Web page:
Here is the problem: many Russian technology firms are world-class innovators, but they fail to manage this innovation. Instead of protecting and patenting their intellectual property, they do nothing.
It’s usually for the same reasons:
Some inventors and company owners simply don’t believe in patents as a concept for good; for them, all innovation should be opens source; that is a commendable thought, but when it comes to running a business it is also potentially suicidal. If their company is successful, any rival can simply come in, copy the idea and obliterate the innovator. Even worse, for some cutting edge innovation, the rival can reverse engineer the idea (achieve the same outcome but with a slightly different technical approach) and then patent the whole concept, leaving the original inventor dead in the water.
The other mistake made by many companies is that they don’t realize the huge value of their patents, and fail to manage their patent portfolio.
Russian technology companies need to understand that patents can be used:
As a defense, to keep rivals from copying their ideas and pushing them out of the marketplace;
For offense, when they try to move into new markets and want to make sure that their arrival in the market can not be challenged by competitors.
As a business model, through licensing patents and making money from royalties.
Instead, Russian companies often sit on their hands or do next to nothing. When it comes to international patent registrations, say in the United States, Europe, India or China, Russian companies barely register in the rankings.
1. Russian companies struggle to gain new markets, and find partners or investors. For starters, Russian firms listed on international stockmarkets struggle to find investors, because their intellectual property portfolio is so much worse than that of direct competitors (for example Yandex vs Google or Apple). And because they have not protected their innovation, they also find it near-impossible to break out of the Russian market and tackle Western or Asian competitors head on. They find it difficult to find partners or customers, because they can not proof (through their own patent portfolio) that their services and products are truly authentic and don’t infringe the intellectual property rights of third parties.
2. Success goes to companies that patent something first, not those who invent it first. The “go-slow” approach of Russian companies means that even if they invent something, they will not reap the rewards. In contrast, look at Kasperksy, one of the few Russian companies with a very active patent portfolio. Their industry is highly competitive, and they constantly file patents to ensure their rivals can not undermine their strategic position in the market. If Kaspersky failed to patent its innovation, its rivals would swiftly move in – and Kaspersky could not sue them for stealing its innovation.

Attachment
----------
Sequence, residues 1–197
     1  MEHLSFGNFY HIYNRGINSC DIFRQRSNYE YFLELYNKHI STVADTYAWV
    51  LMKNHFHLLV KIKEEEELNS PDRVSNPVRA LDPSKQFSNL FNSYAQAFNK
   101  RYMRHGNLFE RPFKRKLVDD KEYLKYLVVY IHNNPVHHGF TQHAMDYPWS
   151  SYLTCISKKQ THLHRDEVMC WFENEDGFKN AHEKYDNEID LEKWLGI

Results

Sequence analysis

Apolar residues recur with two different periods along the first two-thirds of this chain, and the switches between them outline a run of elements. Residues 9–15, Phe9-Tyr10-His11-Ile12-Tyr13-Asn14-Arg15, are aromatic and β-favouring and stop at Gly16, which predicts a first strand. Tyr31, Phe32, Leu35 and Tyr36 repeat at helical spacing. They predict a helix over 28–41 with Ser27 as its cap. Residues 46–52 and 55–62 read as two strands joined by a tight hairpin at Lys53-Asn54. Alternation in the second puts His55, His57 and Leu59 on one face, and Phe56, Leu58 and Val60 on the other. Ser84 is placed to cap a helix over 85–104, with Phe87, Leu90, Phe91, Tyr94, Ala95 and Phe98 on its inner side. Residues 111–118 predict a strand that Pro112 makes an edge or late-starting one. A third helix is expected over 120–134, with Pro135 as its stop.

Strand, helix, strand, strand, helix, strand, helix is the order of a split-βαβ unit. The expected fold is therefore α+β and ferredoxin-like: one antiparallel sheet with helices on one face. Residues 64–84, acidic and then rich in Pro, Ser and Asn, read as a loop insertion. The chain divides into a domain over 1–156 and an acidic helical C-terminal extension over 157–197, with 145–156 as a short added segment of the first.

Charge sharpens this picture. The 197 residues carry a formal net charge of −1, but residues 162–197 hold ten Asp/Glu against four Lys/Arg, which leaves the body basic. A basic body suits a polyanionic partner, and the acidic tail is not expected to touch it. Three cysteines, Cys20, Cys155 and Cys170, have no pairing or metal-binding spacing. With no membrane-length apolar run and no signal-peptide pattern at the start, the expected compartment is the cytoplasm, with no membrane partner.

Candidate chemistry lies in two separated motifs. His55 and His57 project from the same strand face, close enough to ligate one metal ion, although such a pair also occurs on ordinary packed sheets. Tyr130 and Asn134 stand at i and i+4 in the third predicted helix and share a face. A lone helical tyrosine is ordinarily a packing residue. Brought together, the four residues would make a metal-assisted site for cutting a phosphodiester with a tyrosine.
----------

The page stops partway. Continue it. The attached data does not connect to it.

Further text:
3. Russian companies don’t make money from their innovation, and therefore don’t have enough funds to invest in new research and development. Not every idea has to be used internally – but if you invent something great, you can sell it, or license the technology to another party, which generates valuable cash flow. Patents are also an incredibly useful tool to borrow money, with patents often used as an asset to borrow money against. Only companies with a strong patent portfolio also find it easy to raise the money for further expansion.
4. Finally, IP rights protect a company from being taken for a ride when a key developer or inventor leaves the company to join a rival. In Russian employment law, no-compete clauses are illegal. So the only protection a company has against the poaching of a key staffer are patents filed by and assigned to the company. Take Yandex: recently one of the key developers and head of its mail service, Egor Ganin, left the company and joined main competitor Mail.ru as head of their mail service. This gives Mail.ru a huge opportunity to get a lot of Yandex innovation for free, because not all of it was patented. Ganin can now simply take his know-how and use it a Mail.ru. Years of investment by Yandex have gone up in smoke.
5. Finally, here’s a lesson from the world’s successful technology companies: Whether it is Google, Facebook, Samsung or Microsoft: they all consider a strong patent portfolio as a measure of their health as a company. Patents show that a company has a strong innovation pipeline. That helps to attract investors, the next generation of researchers and developers, and it will secure the long-term survival and success of a company.
Unless Russia’s tech companies understand these lessons, they will always be Tier 2 players, confined to and challenged in their domestic market – and highly vulnerable even there.Tags: Facebook IP, Google IP, Mail.ru, Mail.ru IP, Microsoft IP, Russia Development Future, Russia IP, Russia Tech. Future, Samsung IP, Yandex, Yandex IP